What Parents Need to Know About Roblox

Patricia E Vance
December 19, 2018

What do you get when you combine the user-sharing power of YouTube with the community gameplay of Minecraft? You get Roblox, an endless virtual candy store of free multiplayer games created by its users around the world. Chances are pretty good that your child is spending hours on end playing games on Roblox with their friends, especially if they’re under the age of 13. As a parent, you may not have a clue what type of game they’re playing on Roblox, whom they’re playing with and if it’s going to cost you anything. Parents, worry no more! Here are the key things you need to know about Roblox.

What Is Roblox?

At its core, Roblox is an online platform that enables its millions of users to create and share their own 3D games and experiences using custom tools.

Although likely to be too challenging for younger kids to master, Roblox Studio tools are relatively easy for coding novices to learn. Most importantly, for kids who are interested in developing their own games, Roblox Studio’s controlled environment provides a non-threatening space in which to experiment, create, fail, try again, and ultimately succeed in developing a real game!

Obviously, the main purpose of Roblox is for kids to have fun, but a huge side benefit is its ability to teach kids basic skills in coding, game design, and entrepreneurism – skills that are all transferrable to real life, whether it’s a team project at school, extracurricular activities, or maybe even inspiring a career in STEM when they grow up!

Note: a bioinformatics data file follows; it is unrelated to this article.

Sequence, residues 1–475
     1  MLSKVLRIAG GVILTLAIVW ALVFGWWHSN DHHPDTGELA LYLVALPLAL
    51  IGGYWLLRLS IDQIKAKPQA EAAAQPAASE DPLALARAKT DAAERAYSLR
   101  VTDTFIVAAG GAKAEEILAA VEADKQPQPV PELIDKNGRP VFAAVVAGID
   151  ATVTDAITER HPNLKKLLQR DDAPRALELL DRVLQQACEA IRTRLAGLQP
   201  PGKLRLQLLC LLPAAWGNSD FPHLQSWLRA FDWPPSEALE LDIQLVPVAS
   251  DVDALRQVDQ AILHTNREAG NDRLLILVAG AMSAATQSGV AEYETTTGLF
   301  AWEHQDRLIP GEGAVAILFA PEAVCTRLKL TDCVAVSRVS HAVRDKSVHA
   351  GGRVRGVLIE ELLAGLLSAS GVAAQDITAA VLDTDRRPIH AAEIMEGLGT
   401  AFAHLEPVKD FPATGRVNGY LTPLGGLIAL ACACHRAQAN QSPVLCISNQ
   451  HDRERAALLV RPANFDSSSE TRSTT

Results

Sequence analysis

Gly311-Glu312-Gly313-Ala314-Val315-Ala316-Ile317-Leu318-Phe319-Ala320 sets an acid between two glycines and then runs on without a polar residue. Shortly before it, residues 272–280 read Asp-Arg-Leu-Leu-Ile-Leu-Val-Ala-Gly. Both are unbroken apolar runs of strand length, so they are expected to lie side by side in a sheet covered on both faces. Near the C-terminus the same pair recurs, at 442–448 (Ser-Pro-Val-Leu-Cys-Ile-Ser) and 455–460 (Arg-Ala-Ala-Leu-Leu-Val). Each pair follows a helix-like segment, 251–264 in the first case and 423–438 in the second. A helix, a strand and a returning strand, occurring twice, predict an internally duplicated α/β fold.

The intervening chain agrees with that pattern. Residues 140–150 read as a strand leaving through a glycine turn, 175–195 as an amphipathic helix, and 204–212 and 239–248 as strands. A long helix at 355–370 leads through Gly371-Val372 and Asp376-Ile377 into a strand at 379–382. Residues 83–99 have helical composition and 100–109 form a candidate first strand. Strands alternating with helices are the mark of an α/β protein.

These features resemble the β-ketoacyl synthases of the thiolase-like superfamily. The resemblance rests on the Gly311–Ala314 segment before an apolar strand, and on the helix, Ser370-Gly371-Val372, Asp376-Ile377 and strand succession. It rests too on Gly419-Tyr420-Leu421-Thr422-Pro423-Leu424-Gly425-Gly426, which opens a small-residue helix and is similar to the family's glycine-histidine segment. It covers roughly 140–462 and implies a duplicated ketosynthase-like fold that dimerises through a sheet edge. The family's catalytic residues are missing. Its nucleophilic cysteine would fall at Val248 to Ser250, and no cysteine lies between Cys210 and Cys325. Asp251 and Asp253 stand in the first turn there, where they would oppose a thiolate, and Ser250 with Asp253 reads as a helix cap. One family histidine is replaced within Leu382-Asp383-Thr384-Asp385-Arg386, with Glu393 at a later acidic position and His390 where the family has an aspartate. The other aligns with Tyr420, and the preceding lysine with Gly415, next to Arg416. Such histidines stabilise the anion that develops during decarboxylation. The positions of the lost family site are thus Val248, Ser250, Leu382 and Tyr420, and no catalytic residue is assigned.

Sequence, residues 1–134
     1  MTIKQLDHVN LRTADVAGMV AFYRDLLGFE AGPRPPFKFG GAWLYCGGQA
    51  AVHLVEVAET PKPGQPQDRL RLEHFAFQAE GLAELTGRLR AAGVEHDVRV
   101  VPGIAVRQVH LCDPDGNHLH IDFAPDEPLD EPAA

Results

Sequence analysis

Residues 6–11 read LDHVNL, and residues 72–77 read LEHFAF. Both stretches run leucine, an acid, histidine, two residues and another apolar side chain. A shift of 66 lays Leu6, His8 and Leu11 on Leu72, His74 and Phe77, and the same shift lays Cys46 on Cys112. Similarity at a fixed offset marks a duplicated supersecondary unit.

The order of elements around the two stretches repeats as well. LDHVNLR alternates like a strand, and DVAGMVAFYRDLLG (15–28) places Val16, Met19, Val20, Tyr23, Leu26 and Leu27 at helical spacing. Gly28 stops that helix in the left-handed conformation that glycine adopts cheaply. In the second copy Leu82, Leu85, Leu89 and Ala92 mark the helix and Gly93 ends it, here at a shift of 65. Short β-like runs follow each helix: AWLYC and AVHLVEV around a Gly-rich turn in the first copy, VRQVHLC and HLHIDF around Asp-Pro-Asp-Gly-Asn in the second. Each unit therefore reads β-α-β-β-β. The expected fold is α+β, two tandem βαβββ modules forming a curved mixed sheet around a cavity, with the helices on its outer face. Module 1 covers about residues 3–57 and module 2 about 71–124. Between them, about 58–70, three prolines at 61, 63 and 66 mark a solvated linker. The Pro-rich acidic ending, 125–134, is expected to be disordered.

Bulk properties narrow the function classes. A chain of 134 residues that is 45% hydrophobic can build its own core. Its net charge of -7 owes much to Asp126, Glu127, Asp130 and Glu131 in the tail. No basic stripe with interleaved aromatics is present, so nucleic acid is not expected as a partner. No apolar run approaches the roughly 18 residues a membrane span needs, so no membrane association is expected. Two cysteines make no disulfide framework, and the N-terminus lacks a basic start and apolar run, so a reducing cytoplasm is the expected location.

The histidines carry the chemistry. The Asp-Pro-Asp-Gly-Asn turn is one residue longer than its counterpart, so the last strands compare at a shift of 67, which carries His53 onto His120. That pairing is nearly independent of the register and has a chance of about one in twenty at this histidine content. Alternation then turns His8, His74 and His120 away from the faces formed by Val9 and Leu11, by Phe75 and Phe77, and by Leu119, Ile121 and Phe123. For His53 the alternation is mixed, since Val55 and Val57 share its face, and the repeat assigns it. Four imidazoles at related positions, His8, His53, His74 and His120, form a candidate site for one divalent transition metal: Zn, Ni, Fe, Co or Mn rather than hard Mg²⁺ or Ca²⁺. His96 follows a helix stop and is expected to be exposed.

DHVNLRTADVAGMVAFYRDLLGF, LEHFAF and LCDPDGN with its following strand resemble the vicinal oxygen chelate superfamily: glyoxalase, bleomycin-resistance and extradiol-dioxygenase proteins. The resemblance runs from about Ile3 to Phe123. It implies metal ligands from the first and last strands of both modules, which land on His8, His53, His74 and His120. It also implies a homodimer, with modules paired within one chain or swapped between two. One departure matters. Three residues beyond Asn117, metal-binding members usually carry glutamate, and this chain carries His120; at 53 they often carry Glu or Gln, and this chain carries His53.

Is Roblox Content Suitable for All Ages?

Available on smartphones, tablets, desktop computers, the Xbox One, and some VR headsets, Roblox has an ESRB rating of E10+ for Everyone 10 and up for Fantasy Violence, which means that typical gameplay should be suitable for most kids. However, the rating also includes a Users Interact notice, warning parents that players can communicate with each other, join groups and create and share games with each other. In fact, your child can even sell their game on Roblox!

Although Roblox proactively monitors the content created on its platform, with 70 million active users a month some offensive communications or user-generated content may slip through the cracks. So, it’s important for parents to familiarize themselves with the robust parental controls that Roblox provides (more on that below) to ensure their children are shielded from inappropriate content or communications.